Code at Wrong Level of Abstraction
Let’s abstract this class, let’s play with generics, inherithance, abstract classes and interfaces and make this code reusable in some other context or problem. Oh but wait… this is not quite well placed. Ok, let’s make an exception here or instead add an attribute to configure the behaviour of this particular case. Tadam, it works!
This all so easy to happen and we have to improve our design skills to avoid it and, instead, make code that doesn’t just look cleaner but that is cleaner indeed.
The Clean Code has something to say about it:
It is important to create abstractions that separate higher level general concepts from lower level detailed concepts. Sometimes we do this by creating abstract classes to hold the higher level concepts and derivatives to hold the lower level concepts. When we do this, we need to make sure that the separation is complete. We want all the lower level concepts to be in the derivatives and all the higher level concepts to be in the base class.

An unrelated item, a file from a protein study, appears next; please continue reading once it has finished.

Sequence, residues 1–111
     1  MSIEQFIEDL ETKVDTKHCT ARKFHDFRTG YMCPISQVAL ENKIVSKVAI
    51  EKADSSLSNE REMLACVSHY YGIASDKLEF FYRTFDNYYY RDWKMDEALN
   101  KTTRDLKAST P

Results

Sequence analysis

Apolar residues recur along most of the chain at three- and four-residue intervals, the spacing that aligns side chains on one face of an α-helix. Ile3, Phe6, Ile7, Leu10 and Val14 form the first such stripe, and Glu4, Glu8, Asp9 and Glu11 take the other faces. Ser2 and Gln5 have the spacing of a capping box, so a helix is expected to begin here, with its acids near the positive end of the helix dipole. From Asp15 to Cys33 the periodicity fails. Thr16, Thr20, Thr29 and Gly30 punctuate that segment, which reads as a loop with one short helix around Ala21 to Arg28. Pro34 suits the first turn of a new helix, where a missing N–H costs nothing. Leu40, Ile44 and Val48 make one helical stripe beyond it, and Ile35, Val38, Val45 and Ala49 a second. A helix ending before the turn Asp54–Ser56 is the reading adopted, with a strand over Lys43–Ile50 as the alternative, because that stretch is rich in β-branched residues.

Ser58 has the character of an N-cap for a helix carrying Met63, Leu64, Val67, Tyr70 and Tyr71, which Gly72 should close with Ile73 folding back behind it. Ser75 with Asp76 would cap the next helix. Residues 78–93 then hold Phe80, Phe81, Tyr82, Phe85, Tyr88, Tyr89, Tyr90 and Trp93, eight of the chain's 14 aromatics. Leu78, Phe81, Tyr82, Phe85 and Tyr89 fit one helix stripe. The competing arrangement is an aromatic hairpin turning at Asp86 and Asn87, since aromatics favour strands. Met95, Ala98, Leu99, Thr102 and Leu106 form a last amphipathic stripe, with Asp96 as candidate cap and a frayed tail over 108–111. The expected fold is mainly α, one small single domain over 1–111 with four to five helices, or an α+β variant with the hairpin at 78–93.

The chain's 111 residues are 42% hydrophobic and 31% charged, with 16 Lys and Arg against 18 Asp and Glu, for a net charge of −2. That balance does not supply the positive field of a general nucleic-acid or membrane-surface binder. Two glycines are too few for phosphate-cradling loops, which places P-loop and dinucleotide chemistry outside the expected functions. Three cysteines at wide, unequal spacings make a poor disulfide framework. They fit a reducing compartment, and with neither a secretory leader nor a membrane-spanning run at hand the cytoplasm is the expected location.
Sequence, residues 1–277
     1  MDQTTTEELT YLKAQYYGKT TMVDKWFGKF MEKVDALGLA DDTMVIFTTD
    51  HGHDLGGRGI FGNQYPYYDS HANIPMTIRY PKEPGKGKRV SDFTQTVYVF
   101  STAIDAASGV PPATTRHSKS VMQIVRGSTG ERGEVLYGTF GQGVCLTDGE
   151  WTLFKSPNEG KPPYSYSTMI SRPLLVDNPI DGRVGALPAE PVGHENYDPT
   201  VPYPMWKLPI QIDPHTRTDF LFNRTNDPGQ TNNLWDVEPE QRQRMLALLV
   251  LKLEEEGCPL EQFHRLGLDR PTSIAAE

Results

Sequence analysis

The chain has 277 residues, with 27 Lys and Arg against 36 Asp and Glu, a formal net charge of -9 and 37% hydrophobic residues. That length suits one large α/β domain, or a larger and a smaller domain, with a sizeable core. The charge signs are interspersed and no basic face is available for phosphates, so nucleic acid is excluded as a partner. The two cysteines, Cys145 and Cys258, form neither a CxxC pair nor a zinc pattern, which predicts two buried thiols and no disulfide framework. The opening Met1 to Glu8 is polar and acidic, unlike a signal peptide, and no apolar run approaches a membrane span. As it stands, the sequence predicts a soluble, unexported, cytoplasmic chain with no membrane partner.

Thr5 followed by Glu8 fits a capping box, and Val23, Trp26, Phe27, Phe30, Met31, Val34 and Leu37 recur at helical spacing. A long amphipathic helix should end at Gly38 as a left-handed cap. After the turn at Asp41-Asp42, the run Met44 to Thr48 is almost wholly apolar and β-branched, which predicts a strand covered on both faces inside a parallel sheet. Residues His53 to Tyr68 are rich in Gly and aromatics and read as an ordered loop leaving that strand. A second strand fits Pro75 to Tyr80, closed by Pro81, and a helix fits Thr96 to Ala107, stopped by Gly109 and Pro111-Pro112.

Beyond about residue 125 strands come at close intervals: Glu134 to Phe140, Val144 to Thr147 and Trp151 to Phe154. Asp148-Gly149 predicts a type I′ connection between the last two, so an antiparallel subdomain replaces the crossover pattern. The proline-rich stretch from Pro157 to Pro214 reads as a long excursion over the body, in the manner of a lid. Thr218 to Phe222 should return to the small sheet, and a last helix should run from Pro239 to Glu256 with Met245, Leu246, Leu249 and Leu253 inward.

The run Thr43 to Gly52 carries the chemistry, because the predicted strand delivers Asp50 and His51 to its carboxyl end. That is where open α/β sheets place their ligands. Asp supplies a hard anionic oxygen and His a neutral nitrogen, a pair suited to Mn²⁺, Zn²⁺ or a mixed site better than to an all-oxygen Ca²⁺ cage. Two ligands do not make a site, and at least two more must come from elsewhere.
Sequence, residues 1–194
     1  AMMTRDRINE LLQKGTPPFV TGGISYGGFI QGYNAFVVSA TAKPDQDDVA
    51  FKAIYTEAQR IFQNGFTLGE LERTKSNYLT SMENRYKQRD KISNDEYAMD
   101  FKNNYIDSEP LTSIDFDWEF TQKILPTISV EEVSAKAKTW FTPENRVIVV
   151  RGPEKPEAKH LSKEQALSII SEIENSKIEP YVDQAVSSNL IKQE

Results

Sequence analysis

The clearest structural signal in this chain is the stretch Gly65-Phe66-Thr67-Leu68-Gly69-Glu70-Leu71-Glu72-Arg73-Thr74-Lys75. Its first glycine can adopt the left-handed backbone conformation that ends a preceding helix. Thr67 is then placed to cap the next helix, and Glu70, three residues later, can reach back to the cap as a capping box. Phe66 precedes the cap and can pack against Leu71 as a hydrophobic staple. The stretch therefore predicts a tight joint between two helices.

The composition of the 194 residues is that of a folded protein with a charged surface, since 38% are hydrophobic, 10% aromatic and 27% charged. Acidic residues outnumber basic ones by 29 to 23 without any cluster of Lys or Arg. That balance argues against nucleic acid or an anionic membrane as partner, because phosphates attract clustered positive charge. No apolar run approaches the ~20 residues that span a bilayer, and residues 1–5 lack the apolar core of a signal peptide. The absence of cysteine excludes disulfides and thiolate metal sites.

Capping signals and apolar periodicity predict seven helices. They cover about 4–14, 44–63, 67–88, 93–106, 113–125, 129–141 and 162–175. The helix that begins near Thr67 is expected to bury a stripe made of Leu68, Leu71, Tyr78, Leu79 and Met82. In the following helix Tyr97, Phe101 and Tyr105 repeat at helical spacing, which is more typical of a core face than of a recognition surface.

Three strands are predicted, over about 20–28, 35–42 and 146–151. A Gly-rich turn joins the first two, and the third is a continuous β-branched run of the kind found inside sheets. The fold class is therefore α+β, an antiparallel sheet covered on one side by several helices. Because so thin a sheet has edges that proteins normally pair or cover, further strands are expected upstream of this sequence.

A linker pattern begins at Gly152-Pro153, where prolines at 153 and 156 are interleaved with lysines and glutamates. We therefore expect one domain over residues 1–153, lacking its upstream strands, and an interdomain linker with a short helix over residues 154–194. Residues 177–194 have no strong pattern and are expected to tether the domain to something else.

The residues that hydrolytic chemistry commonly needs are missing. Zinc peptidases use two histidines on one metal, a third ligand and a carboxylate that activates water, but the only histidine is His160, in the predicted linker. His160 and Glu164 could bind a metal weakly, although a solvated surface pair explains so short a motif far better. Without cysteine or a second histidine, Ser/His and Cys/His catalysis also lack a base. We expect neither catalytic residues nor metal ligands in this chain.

For example, constants, variables, or utility functions that pertain only to the detailed implementation should not be present in the base class. The base class should know nothing about them.
This rule also pertains to source files, components, and modules. Good software design requires that we separate concepts at different levels and place them in different containers. Sometimes these containers are base classes or derivatives and sometimes they are source files, modules, or components. Whatever the case may be, the separation needs to be complete. We don’t want lower and higher level concepts mixed together.
Consider the following code:
The percentFull function is at the wrong level of abstraction. Although there are many implementations of Stack where the concept of fullness is reasonable, there are other implementations that simply could not know how full they are. So the function would be better placed in a derivative interface such as BoundedStack. Perhaps you are thinking that the implementation could just return zero if the stack were boundless. The problem with that is that no stack is truly boundless. You cannot really prevent an OutOfMemoryException by checking for
Implementing the function to return 0 would be telling a lie. The point is that you cannot lie or fake your way out of a misplaced abstraction. Isolating abstractions is one of the hardest things that software developers do, and there is no quick fix when you get it wrong.
from “The Clean Coder” by Robert Martin.